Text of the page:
Wednesday, August 14, 2013

Why Wired doesn't Understand Gamers.

I like Wired's Maplab, it always has something odd for the reader.

Here is something titledYou Won’t Believe How Insanely Detailed This Guy’s Fictional Maps Are. Seriously.

Well except when I looked at them, my first thought yes I would believe that.

My name is Gort, I'm a mapalholic.

Like a lot of D&D players I like drawing maps.  Insanely detailed maps.
This is part of what I keep calling mega city II, not that it's the second city I've designed, but because it's the second insane one.  The first one had less thought and both generations of that one is somewhere in a folder.  Along with a much crazier world map.

This is part, because it was basically too large for my computer at the time to manipulate in paint. It's about 20 or so of these maps, where a pixel was 2.5 feet.  A lot of it was an exercise, I experimented with ways to cut and paste cityscapes together.  There are a lot of short cuts you can use.  Yet as anyone who has ever been a DM knows, you usually make up stories as you go along. So I also have some detailed breakdowns of the city.  No I never labelled every hut.  Truthfully, I've yet to even do a ballpark on population.   However I did do some neighborhoods in detail.  The Palace is fairly detailed. The major merchants and lords are detailed.  All the temples are fleshed out, as well as the inns.

I like the detail.  It allows me to run a lot of city adventures, as I know what's beyond that wall. A quite burglary of an illusionist, followed by a chase and then a meeting with a fence at midnight in the gardens.  I can use it as quick clip art.  With a little monkeying about, I can even print out a city square, for that big fight.  All that detail let's me set up a big meet at the Salmon Theater.

Yeah It takes a bit to get used to the symbols so you can pick out a hearth or the jakes.  Yellow lines are topographical if that helps at all.

Absurdly detailed maps isn't enough either.  I have neighborhood overviews. I have Rogue Territories.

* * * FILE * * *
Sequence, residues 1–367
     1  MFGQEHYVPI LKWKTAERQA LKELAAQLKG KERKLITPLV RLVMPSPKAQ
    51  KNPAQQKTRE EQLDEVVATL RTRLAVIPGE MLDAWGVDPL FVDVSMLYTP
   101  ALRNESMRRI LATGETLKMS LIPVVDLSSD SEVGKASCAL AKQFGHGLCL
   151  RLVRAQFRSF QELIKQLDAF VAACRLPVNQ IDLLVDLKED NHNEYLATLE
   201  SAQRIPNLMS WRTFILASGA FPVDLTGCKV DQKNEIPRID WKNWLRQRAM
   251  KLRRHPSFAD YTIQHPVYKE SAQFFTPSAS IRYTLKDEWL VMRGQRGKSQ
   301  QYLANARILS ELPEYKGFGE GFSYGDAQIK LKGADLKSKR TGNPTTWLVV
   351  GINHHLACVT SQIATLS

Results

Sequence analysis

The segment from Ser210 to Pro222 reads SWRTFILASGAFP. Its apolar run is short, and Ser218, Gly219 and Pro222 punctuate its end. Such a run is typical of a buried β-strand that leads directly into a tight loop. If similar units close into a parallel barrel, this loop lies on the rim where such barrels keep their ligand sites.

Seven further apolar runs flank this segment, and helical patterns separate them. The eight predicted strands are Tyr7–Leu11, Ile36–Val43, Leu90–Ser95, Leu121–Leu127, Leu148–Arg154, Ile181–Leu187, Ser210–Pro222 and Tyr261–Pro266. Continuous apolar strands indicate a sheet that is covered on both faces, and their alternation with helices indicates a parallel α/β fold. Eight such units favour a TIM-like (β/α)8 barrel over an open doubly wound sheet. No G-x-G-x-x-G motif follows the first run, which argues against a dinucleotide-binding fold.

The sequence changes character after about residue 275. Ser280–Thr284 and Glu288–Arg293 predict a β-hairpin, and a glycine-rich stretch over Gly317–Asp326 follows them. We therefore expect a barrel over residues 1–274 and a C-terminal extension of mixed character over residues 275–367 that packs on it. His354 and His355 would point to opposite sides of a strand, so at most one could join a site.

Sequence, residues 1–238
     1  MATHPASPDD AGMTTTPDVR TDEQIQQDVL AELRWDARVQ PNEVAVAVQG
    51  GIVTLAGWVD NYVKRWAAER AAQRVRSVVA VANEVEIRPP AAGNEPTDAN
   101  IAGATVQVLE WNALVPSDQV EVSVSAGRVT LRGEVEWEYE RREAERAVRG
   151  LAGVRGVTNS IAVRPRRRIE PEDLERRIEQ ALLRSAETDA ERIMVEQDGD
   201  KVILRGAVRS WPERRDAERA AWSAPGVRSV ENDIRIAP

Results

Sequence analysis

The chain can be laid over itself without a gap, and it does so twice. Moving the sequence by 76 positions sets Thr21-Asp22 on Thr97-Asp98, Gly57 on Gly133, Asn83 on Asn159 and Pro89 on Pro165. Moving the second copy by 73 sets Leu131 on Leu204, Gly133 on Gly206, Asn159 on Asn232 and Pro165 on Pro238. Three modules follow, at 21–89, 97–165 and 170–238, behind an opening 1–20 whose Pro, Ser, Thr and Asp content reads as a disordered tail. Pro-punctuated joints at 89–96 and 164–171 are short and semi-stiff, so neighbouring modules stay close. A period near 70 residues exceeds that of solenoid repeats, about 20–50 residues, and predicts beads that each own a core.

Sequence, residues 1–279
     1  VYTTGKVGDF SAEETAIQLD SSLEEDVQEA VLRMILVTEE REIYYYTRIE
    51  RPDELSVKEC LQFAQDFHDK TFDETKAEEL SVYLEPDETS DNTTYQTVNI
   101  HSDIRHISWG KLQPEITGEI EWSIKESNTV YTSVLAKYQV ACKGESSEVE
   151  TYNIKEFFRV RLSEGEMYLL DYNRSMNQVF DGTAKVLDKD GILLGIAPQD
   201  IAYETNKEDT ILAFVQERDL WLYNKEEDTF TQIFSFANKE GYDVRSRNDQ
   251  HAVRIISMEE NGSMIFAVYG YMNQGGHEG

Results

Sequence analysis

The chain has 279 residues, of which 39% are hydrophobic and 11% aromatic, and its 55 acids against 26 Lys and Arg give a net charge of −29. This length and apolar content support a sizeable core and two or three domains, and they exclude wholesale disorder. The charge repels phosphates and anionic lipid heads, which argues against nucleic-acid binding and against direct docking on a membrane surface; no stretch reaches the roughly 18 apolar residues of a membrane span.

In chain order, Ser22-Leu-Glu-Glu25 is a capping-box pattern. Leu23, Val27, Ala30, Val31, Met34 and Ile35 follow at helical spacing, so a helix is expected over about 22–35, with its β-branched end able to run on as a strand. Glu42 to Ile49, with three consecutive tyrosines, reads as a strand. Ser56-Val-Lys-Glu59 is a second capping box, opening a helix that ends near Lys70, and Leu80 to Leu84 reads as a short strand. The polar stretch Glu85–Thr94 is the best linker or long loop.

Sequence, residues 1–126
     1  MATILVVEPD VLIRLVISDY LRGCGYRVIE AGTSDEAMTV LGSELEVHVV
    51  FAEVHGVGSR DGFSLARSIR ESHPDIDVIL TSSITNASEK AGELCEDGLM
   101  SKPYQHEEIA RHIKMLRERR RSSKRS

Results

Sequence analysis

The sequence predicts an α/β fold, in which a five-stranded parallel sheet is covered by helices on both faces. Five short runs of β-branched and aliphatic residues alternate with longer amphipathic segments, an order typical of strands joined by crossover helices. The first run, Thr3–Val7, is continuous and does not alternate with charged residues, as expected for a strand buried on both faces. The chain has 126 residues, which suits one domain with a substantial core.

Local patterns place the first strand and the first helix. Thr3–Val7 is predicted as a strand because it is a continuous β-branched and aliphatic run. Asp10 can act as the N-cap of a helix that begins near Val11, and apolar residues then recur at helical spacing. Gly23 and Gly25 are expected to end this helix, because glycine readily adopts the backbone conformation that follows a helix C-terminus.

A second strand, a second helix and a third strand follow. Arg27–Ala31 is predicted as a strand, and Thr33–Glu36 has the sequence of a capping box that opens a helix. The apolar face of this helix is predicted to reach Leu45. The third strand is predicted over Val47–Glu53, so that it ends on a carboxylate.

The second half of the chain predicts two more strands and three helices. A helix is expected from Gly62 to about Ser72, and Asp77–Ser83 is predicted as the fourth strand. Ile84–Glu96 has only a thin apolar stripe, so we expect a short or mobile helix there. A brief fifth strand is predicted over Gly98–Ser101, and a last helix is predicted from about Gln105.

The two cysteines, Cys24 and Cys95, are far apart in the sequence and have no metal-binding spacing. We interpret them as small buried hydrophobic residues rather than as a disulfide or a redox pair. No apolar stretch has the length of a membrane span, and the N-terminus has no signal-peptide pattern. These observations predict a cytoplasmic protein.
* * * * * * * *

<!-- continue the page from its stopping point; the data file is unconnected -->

I have maps sketching out the age of each section.  I have maps of which major lord rules which area, as well as what each's attitude towards enforcing laws is.  Once again, I'll make the excuse that a lot of it was a bit of an experiment with just what you can do when it's electronic.

   I was trying to engage people with handouts.  Those last four maps were for me.  The players usually worked off of this map, unless they spent points on local knowledge. It's the "we fly map."

Oh and that isn't all, what good is a city without a land?  None of those are as detailed, more just vague kingdoms. 

There are a lot of good uses for an electronic city map.  You can do the alternate world with the ruined city.  You can even pull of time travel fairly easy.

Now the sick thing is,  I have a larger map I once made, when experimenting with geomorphs. I decided I needed a cube city  So I made a cube geomorph and patched together an absurd number of floors, without realizing that even with random monsters it was simply too large to ever explore.  Every room was a chore to map and then the description of up and down areas just made it impossible.  I still consider revisiting that idea sometime, I think the key would be doing it all electronically. 

Anyways.  I think that is why wired magazine just doesn't get gamers.


  1. If you like insanely detailed maps, take a look at this:

  2. Thank you, that is exactly the type of insanity I love. The type of Z, K and V filled place names that fill a file cabinet, but which I rarely ever look at, open ended projects always being open ended. I'm jealous of this guy's dedication, but not quite jealous enough to dust off my computer skills and set up my own site.

    I think the people at Wired have no idea how much stuff like this is out there.

    I've yet to construct my own language or wall myself up in a crawl space,like Bad Ronald, so I like to think I have it under control.